Gusto TV urges CRTC to level the playing field

Executives from the food and lifestyle channel argued that changes to the broadcast system should include greater access for indies.

Upstart specialty channel Gusto TV used its time in front of the CRTC on Tuesday to highlight the ways it says changes to the Canadian broadcasting system could eliminate unfair advantages larger, vertically integrated companies hold over independents.

During his presentation, Chris Knight, president and CEO of Gusto TV, referred back to several comments made by executives from the vertically integrated companies and said there had to be assurances that they applied to all companies, including independents.

“‘Free isn’t a business model, the paramount importance of discoverability, it’s a free market, it’s got to be a level playing field.’ These are all quotes from the large, multi-billion dollar, vertically integrated companies who, in some cases, seem to think these tenets apply only to them,” he said.

Gusto, a food and lifestyle channel launched in December, is currently only offered by Bell and Telus as a category B (optional) channel. The difficulty the channel has had reaching agreements with other BDUs was an example Knight used to emphasize the challenges faced by indies in a VI-dominated marketplace.

Knight went on to say that, as difficult as it has been to get Gusto off the ground, it would have been impossible in an unbundled ecosystem unless there were regulations in place to ensure that large BDUs couldn’t use their economic advantage to promote their own channels over independents.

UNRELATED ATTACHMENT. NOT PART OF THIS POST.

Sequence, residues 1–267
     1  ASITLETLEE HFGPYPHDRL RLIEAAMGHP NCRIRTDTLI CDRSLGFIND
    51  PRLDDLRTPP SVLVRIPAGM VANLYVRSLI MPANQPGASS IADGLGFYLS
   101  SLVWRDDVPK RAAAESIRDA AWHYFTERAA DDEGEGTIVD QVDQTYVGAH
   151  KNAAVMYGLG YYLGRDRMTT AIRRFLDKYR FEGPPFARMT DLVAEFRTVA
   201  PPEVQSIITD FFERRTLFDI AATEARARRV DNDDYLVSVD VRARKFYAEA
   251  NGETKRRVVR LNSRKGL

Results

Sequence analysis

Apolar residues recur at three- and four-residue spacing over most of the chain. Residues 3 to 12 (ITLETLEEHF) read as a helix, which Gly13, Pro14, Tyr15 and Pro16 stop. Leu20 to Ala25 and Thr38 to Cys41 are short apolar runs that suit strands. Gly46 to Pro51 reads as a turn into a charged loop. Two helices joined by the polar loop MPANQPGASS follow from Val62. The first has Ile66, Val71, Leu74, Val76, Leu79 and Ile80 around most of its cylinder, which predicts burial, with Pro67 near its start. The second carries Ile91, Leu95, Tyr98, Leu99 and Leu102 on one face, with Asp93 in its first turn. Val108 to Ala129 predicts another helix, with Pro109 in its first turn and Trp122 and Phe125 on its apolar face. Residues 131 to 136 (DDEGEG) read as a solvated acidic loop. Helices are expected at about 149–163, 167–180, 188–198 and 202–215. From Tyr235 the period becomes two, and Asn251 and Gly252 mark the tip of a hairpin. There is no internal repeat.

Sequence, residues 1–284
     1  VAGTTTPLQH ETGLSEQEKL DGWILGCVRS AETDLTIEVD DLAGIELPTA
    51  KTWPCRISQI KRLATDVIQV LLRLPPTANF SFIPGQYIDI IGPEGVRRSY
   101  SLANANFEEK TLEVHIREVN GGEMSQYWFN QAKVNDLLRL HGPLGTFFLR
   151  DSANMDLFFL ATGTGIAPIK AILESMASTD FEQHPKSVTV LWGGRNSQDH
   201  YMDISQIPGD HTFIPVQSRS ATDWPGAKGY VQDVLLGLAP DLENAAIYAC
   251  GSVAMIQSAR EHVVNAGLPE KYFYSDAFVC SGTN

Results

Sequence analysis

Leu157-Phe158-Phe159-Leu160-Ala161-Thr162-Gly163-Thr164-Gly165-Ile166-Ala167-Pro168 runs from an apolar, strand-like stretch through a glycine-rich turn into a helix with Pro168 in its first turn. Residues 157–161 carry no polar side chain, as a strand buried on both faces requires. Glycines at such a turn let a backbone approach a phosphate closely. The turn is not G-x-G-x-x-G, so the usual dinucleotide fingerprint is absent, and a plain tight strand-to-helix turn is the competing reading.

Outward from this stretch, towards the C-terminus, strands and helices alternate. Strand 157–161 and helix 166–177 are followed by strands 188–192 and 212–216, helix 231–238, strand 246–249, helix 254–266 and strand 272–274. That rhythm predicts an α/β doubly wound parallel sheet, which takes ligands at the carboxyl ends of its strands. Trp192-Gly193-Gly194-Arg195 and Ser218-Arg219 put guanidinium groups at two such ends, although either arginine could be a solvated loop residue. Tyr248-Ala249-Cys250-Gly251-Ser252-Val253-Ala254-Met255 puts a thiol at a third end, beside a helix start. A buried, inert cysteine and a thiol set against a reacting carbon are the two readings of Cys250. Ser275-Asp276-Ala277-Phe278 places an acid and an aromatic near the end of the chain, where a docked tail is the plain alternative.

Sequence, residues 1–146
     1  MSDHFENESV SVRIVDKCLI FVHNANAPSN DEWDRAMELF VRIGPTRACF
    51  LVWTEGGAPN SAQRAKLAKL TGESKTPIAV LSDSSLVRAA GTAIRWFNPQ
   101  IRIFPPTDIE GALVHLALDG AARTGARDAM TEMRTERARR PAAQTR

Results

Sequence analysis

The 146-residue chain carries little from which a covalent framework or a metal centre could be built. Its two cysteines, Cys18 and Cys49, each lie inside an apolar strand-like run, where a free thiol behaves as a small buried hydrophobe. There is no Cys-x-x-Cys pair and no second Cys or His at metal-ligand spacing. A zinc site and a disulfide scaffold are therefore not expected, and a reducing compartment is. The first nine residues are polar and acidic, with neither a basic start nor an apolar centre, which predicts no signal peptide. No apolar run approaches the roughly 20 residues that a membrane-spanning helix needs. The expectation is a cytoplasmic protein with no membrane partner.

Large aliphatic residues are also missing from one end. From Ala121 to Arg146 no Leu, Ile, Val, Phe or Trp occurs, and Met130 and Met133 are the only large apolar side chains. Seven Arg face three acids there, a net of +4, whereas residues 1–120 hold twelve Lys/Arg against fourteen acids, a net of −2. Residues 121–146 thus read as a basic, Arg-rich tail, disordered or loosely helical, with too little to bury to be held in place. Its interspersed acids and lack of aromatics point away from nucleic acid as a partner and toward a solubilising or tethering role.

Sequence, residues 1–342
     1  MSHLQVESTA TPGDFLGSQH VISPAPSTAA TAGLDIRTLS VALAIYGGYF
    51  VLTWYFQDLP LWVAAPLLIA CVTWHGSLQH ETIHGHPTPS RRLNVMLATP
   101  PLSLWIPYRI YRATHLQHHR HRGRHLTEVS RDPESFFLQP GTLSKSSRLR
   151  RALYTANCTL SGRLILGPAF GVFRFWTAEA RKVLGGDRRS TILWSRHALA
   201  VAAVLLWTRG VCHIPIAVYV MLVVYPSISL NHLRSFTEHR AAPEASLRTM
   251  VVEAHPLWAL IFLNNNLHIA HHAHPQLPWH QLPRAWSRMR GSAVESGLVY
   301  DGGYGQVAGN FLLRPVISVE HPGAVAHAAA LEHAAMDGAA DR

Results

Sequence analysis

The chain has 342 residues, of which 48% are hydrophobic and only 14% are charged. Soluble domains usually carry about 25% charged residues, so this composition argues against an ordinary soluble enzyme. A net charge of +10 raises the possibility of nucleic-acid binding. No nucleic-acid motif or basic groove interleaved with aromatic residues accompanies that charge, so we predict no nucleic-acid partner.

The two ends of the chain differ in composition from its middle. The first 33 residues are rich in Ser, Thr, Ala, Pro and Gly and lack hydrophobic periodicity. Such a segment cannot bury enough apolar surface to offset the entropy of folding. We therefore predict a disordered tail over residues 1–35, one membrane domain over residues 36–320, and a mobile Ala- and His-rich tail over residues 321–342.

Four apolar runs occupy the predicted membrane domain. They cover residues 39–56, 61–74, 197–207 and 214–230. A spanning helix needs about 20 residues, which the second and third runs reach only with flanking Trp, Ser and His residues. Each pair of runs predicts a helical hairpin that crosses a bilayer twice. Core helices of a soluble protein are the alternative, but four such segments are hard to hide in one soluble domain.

“What’s the point of multiple packaging options if you’re limited in the choice of channels that go in the packages?” Knight said. “We’re spending a lot of time talking about the size and shape of the bottle and not quality of wine that goes in it. It’s in the best interest of the Canadian TV viewer to have choice, not simply VI choice.”

Overall, Gusto did not present many proposals of their own, saying they were more concerned with ensuring equal footing for independent channels and that proposals from other intervenors outlined ways to do that.

The company did present a proposal for linkage, saying that the commission’s proposed linkage model – in which BDUs must offer one independent channel for every two coming from a VI company – wasn’t enough. It instead proposed its own “enhanced linkage” plan, saying that for every one of a BDU’s own channels offered on its service, it must also offer a comparable Canadian channel on similar terms.

When the commission noted that Gusto’s proposal did not specify that the “comparable” channel would be an independent one, Mark Prasuhn, VP and general manager at Gusto TV, promised Gusto’s revised submission would include the cause, along with a more definitive answer as to which proposal presented it deemed the most favourable.

Although the commission pointed out that the proposed 2:1 linkage ratio still provided security for independents, Prasuhn said it wasn’t enough to ensure fair competition with channels operated by BDUs.

“Linkage still limits, or makes impossible, new entry,” he said. “It also gives a small number of gatekeepers the ability to strategically pick and choose which channels they don’t want to have to compete with.”